Coffee May Reduce Risk of Basal Cell Carcinoma

But Not SCC and Melanoma

Nick Mulcahy

July 03, 2012

July 3, 2012 — Coffee — and the caffeine it contains — may reduce the risk of developing basal cell carcinoma (BCC), according to new prospective data from more than 110,000 healthcare professionals who participated in 2 large, surveillance studies.

Study participants who drank more than 3 cups of caffeinated coffee a day had a 17% reduction in their relative risk of BCC compared with individuals who drank less than 1 cup per month.

Women benefited a bit more than men from drinking 3 cups a day, but in each case, the dose-response relationship was significant when compared with that noted in people who rarely drank coffee (Ptrend < .0001 in women; Ptrend = .003 in men).

A protective association was also found with other dietary sources of caffeine (chocolate, tea, and cola). "However, decaffeinated coffee consumption was not associated with a similar decrease in BCC risk," report the authors, led by Fengju Song, PhD, of Harvard Medical School, in Boston, Massachusetts, and Tiajin Medical University Cancer Institute, in China.

Their new study appears in the July 1st edition of Cancer Research.

These authors used data from the Nurses' Health Study (NHS; women) and the Health Professional Follow-up Study (HPFS; men) to explore a possible association between caffeine and skin cancers.

It is interesting to note that they did not find an association between consumption of coffee and other caffeine products and either squamous cell carcinoma (SCC) or melanoma.

The authors call for confirmatory studies to validate their findings. "BCC is increasing by 4% to 8% per year in the United States," they say, "and accounts for approximately 80% of newly diagnosed skin cancers and 30% of all newly diagnosed cancers. The prevalence of BCC will soon equal that of all other cancers combined," write Dr. Song and colleagues.

Animal studies have shown that oral or topical caffeine administration "markedly reduces the risk of skin cancer," say the authors. However, the triggering effect of caffeine on apoptosis, which eliminates damaged skin cells, "may be apparent only in basal cells but not in squamous cells," they speculate. Furthermore, with regard to melanoma, there is no scientific evidence that caffeine eliminates damaged melanocytes in the way it has been shown to eliminate keratinocytes, the precursors to nonmelanoma skin cancers, they say.

The new study provides an important addition to the literature, according to the authors.

An inverse association between coffee and nonmelanoma skin cancer risk was reported as early as 1986, but various studies have not distinguished between caffeinated and decaffeinated coffee or tea. "Therefore, it was unknown whether the inverse association was due to caffeine or other components of coffee," explain the authors.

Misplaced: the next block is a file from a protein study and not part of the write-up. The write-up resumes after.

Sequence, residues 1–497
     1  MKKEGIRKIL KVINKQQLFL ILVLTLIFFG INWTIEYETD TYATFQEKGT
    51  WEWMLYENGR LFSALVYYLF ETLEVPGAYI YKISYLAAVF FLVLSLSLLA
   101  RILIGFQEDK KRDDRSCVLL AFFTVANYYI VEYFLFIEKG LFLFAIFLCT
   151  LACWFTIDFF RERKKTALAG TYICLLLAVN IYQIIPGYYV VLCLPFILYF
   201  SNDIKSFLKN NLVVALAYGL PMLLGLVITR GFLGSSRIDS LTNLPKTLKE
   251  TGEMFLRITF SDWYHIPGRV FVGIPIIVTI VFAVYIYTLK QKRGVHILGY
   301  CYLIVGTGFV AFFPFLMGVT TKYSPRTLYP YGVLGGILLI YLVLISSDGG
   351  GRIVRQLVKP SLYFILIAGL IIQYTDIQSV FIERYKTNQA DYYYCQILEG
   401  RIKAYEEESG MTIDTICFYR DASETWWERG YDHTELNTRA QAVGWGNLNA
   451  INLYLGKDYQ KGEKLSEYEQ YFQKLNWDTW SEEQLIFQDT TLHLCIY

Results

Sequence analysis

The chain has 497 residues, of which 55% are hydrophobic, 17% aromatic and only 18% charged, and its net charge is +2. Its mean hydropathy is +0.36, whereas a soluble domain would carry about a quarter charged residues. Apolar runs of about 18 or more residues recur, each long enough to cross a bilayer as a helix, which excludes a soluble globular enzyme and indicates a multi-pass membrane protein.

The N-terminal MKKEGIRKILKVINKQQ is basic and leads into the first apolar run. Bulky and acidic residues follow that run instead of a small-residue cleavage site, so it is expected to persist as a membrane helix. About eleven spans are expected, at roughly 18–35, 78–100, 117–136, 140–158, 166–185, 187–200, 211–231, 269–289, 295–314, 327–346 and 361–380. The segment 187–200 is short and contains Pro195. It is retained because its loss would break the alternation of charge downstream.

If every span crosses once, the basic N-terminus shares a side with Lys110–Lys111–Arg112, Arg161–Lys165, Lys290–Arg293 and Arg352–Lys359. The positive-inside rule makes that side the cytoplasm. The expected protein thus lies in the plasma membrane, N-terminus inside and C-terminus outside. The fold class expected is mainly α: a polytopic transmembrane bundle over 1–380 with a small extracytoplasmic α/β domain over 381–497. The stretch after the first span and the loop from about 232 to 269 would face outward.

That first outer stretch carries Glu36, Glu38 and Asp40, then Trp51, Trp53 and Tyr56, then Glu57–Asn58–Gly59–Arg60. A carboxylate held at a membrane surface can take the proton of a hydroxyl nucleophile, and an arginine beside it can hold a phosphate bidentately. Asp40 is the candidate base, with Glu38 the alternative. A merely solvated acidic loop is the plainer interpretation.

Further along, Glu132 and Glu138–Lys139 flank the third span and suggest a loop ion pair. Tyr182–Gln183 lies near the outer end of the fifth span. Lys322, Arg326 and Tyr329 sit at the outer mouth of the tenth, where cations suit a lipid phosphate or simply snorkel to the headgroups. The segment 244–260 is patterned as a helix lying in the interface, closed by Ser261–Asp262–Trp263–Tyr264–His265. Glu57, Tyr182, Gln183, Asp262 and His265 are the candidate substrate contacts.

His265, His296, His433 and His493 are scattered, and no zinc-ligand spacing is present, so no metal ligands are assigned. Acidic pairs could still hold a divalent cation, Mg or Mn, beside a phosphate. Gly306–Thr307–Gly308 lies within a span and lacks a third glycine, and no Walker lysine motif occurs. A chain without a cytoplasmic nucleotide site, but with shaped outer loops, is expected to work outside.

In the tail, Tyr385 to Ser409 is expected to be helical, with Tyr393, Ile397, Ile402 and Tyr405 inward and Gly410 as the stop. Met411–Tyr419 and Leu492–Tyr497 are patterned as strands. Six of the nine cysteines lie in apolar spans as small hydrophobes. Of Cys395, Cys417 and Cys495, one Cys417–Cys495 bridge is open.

Study Details

A total of 112,897 eligible participants (72,921 female nurses and 39,976 male health professionals) were included in the analyses. As participants in their respective cohort studies, the men and women completed self-administered questionnaires biennially with updated information on their lifestyle, diet, and medical history.

Skin cancer identification was conducted routinely in both the NHS (24 years of follow-up from 1984) and the HPFS (22 years of follow-up from 1986).

Coffee consumption was categorized into 5 groups: less than 1 cup per month, 1 cup per month to 1 cup per day, 1 to 2 cups per day, 2 to 3 cups per day, and more than 3 cups per day.

Compared with individuals who consumed less than 1 cup of caffeinated coffee per month, study participants who consumed more than 3 cups per day had the lowest risk (relative risk, 0.83; 95% confidence interval, 0.77 - 0.87).

Coffee accounted for 78.5% of all caffeine consumption. "Caffeine from other dietary sources (tea, 18%; cola, 3%; and chocolate, 0.5%)...was also inversely associated with BCC risk, with nonsignificant relative risk comparable with that of caffeine from coffee," report the authors.

The authors admitted that their data on tea drinking — and a "number of possibly relevant issues" — were limited. They were unable to differentiate between green and black tea, brewing strength, and other matters because of "lack of detailed information about tea consumption on the food frequency questionnaires."

The study was supported by the National Institutes of Health. The authors have disclosed no relevant financial relationships.

Cancer Res. 72(13) July 1, 2012; doi: 10.1158/0008-5472.CAN-11-3511


Comments on Medscape are moderated and should be professional in tone and on topic. You must declare any conflicts of interest related to your comments and responses. Please see our Commenting Guide for further information. We reserve the right to remove posts at our sole discretion.